The Palestinian government has decried a U.S. decision to relocate its embassy from Tel Aviv to Jerusalem in May.
This move “directly and deliberately violates the identity and existence of the Palestinian people”, the government said in a statement on Saturday.
On Friday, Washington said it was ready to open the new embassy in Jerusalem on May 14, the day the state of Israel was established and officially recognized by Washington in 1948.
The Palestinian government said the date for the relocation of the embassy was chosen “to hurt the feelings of the people in the Arab world”.
On Dec. 6, 2017, U.S. President Donald Trump officially recognized Jerusalem as the capital of Israel, triggering outcry in the Arab world and protests in the Palestinians territories that killed dozens.
“This is an unacceptable step,” Nabil Abu Rudeineh, a spokesman for Palestinian President Mahmoud Abbas, said in a statement.
“Unilateral steps will not give legitimacy to anyone and will hinder efforts to provide peace in the region,” he added.
Saeb Erekat, secretary-general of the umbrella Palestine Liberation Organization (POL), said in a press statement that Trump and his team “were no longer part of the Israel-Palestine solution and had become part of the problem”.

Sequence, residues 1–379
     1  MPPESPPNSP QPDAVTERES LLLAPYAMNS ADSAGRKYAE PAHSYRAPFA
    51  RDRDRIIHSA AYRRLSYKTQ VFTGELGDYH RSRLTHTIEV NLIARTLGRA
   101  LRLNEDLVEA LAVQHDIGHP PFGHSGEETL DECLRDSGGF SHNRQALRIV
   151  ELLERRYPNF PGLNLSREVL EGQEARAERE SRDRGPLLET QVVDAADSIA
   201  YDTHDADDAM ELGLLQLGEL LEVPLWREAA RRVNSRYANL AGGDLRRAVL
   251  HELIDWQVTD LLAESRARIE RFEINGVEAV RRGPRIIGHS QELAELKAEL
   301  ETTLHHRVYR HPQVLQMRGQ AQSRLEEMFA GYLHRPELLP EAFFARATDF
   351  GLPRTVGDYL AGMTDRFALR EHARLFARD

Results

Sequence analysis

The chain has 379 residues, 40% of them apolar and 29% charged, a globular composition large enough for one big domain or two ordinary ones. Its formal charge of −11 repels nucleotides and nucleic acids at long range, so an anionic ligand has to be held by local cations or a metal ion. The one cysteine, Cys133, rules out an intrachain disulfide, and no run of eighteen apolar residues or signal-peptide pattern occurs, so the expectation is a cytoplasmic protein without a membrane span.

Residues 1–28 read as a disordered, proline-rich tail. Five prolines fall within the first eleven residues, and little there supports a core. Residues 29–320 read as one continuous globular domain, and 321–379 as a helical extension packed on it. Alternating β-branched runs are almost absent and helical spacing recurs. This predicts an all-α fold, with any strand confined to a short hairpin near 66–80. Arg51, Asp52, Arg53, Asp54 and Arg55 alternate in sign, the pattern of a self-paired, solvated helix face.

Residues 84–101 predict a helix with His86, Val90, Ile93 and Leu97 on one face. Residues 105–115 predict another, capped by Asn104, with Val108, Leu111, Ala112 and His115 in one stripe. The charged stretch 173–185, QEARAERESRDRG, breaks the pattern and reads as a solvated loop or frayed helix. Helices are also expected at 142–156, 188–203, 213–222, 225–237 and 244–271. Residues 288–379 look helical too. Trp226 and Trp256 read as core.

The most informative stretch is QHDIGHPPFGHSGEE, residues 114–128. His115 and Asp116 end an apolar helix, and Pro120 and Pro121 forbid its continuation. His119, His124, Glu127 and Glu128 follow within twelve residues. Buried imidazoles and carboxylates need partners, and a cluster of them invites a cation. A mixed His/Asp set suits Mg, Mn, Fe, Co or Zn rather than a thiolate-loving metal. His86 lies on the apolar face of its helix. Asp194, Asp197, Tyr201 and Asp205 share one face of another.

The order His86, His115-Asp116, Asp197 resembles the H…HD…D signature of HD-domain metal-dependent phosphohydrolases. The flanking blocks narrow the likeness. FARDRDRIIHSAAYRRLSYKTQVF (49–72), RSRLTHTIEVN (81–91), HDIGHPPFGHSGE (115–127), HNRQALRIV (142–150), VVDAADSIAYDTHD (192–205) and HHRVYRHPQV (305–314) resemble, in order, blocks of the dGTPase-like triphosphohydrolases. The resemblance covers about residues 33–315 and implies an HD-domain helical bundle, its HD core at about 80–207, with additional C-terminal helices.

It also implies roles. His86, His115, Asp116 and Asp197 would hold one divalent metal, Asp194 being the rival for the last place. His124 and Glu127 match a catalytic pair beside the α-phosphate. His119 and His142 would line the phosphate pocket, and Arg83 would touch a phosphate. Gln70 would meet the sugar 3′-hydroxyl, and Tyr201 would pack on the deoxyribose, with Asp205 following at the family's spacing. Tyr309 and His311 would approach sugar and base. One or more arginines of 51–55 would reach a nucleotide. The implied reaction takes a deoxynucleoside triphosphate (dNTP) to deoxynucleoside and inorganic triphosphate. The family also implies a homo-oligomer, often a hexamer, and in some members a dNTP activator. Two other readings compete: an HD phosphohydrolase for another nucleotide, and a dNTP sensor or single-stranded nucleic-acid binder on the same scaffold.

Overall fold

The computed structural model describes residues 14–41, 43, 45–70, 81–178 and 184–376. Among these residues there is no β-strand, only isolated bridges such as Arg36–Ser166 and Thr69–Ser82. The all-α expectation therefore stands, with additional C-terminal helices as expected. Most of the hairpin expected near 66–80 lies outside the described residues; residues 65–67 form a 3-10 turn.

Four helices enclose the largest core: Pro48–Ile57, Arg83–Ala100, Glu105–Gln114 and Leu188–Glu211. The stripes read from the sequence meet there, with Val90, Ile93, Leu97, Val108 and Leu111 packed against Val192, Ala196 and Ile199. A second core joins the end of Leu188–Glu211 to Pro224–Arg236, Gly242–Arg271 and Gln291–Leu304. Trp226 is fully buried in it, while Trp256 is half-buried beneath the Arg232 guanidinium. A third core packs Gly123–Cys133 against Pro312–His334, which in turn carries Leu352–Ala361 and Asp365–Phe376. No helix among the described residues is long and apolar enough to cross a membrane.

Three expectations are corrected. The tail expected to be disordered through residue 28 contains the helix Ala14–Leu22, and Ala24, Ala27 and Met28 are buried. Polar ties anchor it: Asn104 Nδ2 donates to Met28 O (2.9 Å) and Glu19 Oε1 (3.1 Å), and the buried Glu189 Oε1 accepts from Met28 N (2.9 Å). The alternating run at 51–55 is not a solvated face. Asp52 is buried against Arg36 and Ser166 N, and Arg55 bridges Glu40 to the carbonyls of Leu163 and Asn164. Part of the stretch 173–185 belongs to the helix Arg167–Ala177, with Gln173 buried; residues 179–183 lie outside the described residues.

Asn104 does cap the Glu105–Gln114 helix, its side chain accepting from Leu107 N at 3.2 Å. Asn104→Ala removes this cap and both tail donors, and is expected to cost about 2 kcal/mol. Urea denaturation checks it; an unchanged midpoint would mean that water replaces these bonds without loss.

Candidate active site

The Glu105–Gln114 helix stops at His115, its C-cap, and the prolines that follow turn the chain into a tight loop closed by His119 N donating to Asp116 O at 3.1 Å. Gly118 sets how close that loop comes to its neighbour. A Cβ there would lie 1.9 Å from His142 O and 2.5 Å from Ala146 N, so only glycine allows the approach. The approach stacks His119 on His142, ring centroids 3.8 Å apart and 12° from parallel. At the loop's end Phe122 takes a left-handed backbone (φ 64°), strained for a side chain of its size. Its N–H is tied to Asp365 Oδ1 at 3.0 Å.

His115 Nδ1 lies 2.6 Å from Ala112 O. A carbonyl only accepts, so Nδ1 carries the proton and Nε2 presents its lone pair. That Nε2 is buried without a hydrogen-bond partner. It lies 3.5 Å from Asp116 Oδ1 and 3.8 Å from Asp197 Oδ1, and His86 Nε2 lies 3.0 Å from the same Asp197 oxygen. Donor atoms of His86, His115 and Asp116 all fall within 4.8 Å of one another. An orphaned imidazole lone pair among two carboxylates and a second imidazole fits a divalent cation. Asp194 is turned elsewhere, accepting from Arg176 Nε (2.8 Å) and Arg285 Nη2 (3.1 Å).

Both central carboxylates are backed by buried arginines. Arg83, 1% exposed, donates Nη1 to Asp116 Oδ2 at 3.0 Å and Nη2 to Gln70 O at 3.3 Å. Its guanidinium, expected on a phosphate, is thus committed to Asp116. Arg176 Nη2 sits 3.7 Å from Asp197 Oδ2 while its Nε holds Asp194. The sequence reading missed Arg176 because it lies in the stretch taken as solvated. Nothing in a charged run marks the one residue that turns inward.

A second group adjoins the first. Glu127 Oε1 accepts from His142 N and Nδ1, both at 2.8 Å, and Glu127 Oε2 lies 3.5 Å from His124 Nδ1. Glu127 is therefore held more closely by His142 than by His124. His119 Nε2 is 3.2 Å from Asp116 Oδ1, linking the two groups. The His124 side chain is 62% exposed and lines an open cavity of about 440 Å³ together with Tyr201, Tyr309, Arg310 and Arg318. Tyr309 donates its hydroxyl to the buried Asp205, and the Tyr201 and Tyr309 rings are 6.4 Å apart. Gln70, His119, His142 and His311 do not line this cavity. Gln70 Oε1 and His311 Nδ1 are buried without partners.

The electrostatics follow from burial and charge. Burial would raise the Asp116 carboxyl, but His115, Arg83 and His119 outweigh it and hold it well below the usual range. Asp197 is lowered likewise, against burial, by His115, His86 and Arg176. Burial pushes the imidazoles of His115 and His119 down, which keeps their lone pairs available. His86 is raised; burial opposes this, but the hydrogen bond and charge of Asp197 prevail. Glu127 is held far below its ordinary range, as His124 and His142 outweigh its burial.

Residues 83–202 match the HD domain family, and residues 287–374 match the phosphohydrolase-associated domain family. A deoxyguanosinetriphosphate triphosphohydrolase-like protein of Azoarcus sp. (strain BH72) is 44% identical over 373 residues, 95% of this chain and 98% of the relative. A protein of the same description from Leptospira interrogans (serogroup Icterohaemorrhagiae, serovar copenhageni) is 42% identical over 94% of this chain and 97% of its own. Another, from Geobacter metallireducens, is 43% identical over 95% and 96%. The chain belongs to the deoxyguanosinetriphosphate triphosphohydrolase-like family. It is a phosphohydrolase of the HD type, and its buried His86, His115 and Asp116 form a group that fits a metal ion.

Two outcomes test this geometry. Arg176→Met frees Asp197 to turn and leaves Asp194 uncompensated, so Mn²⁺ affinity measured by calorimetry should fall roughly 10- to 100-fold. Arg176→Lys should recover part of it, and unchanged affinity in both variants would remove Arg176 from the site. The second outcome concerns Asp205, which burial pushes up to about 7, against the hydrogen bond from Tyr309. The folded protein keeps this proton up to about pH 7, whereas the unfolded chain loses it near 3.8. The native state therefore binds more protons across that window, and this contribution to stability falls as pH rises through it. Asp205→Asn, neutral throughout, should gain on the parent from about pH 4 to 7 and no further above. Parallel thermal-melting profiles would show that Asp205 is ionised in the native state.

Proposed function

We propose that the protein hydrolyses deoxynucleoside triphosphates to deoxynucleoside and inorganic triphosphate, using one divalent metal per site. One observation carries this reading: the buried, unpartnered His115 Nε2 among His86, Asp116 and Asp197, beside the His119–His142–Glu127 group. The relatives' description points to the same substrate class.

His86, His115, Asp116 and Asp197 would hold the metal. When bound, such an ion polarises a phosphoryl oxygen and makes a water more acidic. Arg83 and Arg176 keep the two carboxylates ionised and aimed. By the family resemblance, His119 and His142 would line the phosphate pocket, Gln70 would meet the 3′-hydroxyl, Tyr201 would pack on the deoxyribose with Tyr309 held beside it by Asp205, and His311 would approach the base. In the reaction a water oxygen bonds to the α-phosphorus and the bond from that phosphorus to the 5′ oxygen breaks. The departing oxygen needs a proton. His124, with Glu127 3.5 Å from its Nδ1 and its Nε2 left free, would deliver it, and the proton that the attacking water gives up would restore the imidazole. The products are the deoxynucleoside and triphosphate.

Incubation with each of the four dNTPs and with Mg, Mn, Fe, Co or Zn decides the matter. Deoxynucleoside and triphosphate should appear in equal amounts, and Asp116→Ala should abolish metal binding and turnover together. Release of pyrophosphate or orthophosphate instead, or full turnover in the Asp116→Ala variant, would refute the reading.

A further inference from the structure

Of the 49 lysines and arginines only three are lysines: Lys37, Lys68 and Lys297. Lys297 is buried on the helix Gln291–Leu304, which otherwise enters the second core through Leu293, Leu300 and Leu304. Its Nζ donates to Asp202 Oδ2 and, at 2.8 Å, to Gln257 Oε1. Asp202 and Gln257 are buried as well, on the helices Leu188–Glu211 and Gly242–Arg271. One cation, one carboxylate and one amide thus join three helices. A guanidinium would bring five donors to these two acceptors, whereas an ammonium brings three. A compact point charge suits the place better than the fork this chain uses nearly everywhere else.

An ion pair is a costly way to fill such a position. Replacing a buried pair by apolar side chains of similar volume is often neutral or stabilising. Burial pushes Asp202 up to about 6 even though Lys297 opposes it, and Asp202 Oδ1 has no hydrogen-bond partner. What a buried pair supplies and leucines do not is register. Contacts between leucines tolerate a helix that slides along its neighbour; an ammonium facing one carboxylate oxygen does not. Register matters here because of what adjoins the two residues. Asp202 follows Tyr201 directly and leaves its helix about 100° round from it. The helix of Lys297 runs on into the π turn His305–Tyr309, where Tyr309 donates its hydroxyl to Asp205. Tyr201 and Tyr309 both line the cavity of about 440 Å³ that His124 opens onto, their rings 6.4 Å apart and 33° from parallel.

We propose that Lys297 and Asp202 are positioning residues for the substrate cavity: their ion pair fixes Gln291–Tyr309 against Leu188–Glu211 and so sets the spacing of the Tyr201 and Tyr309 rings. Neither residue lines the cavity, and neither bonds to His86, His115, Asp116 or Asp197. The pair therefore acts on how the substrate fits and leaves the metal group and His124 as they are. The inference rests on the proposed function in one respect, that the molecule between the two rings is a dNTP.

Jerusalem remains at the heart of the decades-long Palestinian-Israeli conflict, with Palestinians hoping that East Jerusalem -- now occupied by Israel -- might eventually serve as capital of an independent Palestinian state.
Israel occupied the West Bank, including East Jerusalem, during the 1967 Middle East war.
In a move never recognized by the international community, Israel annexed the entire city in 1980 claiming it as its "eternal and undivided” capital.
International law continues to view the West Bank and East Jerusalem as "occupied territories" and considers all Jewish settlement construction there as illegal.